Currently reading: Hitachi partners with EV service station developer Gridserve
Japanese giant has invested £5.6m so far; UK firm's first solar-powered site set to open in summer
Autocar-Felix-Page
News
3 mins read
30 April 2020

Japanese technology giant Hitachi has invested several million pounds into British electric vehicle charging firm Gridserve as part of a move to speed up the mass adoption of EVs in the UK. 

The ongoing investment, which so far stands at £5.6 million, will support the development of Gridserve's nationwide network of dedicated charging stations, with the first of its planned 100 sites set to open this summer. The two firms are also collaborating on plans for an electric bus network and financial incentives for EV buyers.

The first site to be built as part of the Gridserve's £1 billion scheme, near Braintree in Essex, will offer space for 24 vehicles to charge simultaneously at a rate of up to 350kW from its supercharger devices. 

The company claims that customers will be able to charge within 20-30 minutes at first, but that waiting times will reduce as battery technology evolves. Currently, the only vehicle on sale that can charge at 350kW is the Porsche Taycan, with the Tesla Model 3’s 250kW compatability making it the second fastest.

Gridserve’s charging stations will be powered by a combination of roof-mounted solar panels, separate solar farms and integrated battery storage units, which, it claims, will ensure “carbon emission targets can be met, whilst also keeping prices low”.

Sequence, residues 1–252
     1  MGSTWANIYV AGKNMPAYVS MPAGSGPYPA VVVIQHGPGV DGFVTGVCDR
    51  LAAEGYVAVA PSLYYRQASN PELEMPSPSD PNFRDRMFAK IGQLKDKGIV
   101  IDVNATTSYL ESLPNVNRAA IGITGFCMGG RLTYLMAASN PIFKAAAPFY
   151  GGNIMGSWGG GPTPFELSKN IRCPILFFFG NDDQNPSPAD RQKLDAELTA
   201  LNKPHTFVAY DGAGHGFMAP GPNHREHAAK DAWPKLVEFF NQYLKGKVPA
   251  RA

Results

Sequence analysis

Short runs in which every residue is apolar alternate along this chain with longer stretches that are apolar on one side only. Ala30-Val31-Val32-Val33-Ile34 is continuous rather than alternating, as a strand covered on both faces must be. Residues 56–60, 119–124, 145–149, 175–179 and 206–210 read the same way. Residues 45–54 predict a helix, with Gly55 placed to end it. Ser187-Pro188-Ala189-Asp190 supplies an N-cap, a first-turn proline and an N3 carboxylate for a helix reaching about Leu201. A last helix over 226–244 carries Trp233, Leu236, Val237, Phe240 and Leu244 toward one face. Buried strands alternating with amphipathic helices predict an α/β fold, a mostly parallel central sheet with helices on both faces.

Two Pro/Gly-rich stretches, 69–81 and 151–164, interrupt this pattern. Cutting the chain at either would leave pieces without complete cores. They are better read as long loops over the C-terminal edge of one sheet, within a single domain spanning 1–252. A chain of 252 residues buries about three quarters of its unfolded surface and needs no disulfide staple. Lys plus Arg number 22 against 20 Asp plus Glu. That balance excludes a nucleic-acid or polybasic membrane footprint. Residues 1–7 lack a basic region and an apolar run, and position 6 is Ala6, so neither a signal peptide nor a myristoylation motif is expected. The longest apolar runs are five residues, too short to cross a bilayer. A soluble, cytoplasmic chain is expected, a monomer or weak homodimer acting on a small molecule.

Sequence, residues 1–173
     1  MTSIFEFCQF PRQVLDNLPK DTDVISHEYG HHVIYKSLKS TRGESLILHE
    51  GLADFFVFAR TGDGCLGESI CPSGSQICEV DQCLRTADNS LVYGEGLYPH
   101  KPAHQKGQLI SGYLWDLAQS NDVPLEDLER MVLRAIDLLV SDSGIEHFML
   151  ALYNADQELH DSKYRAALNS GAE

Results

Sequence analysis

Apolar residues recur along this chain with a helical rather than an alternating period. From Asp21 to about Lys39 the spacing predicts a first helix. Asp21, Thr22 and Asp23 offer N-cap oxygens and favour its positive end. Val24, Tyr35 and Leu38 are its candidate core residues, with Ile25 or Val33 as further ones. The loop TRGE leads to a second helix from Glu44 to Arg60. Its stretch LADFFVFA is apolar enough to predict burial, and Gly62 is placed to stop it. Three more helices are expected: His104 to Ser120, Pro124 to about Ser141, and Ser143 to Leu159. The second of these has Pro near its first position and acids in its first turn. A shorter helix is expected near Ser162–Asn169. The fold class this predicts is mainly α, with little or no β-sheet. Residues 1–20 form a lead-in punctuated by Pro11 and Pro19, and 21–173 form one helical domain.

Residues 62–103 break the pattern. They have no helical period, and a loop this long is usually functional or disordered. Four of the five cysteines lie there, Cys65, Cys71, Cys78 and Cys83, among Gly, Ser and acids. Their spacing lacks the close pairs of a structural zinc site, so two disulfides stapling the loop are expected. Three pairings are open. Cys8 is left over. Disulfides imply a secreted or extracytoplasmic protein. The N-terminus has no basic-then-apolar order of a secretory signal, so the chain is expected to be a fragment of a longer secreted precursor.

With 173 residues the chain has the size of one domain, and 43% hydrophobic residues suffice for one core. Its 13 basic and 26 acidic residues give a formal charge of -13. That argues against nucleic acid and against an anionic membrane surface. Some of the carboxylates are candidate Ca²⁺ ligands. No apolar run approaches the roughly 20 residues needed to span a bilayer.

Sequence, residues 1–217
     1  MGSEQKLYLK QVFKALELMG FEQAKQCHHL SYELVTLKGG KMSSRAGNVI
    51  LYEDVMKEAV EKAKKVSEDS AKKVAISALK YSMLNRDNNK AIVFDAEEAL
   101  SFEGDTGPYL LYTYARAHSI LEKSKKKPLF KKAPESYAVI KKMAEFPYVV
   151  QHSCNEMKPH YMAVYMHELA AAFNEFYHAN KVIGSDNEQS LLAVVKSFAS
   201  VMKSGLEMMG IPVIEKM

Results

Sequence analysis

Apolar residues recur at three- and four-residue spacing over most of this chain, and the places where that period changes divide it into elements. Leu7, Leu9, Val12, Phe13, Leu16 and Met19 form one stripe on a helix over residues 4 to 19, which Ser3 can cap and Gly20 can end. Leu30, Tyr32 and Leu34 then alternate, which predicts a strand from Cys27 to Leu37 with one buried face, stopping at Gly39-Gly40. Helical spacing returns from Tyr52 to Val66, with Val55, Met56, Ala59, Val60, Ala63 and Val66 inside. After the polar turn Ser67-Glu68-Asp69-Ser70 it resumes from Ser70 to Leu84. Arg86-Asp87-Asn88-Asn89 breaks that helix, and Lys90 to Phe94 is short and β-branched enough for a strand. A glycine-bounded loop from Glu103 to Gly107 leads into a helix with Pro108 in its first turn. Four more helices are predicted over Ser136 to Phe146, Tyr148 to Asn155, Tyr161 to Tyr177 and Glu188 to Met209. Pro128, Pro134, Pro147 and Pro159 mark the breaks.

Like a conventional motorway service station, the 2.5-acre Braintree facility, just off the A131, will contain a small supermarket, coffee shop and lounge area with wi-fi and meeting rooms.

It will also feature an ‘education centre for electric vehicles’ aimed at helping customers to “understand, test drive, and secure vehicles that are most suitable for them, with the ultimate aim of providing the confidence and support to transition to an all-electric future”. 

Gridserve says it’s targeting locations that are near busy roads, towns, cities and major transport hubs for its charging stations. The firm hopes to have a nationwide network fully operational within the next five years, in line with the UK government’s bold plan to ban the sale of new combustion-engined cars by 2035.

The project has been partly funded by a £4.86m grant from Innovate UK, a government-backed agency that offers financial support to UK-based technology developers.